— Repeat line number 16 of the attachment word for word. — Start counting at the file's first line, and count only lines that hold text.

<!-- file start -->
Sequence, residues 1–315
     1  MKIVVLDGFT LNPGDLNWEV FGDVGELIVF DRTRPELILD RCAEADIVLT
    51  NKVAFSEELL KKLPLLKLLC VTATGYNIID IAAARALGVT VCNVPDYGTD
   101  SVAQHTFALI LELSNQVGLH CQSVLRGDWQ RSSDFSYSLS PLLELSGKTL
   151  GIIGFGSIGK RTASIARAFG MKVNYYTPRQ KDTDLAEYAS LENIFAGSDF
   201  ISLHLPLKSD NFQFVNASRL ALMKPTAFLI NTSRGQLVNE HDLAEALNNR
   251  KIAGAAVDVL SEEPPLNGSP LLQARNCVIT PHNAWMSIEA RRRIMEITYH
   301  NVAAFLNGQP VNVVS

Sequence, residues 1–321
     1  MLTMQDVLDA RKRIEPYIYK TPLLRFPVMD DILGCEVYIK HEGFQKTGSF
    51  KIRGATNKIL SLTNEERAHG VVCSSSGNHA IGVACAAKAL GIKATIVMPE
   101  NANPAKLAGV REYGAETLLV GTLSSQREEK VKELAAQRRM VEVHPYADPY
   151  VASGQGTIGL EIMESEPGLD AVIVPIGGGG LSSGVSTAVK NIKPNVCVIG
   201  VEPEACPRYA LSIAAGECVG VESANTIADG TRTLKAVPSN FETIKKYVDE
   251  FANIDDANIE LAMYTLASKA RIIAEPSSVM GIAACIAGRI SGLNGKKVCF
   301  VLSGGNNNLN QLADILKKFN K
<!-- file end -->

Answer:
   301  VLSGGNNNLN QLADILKKFN K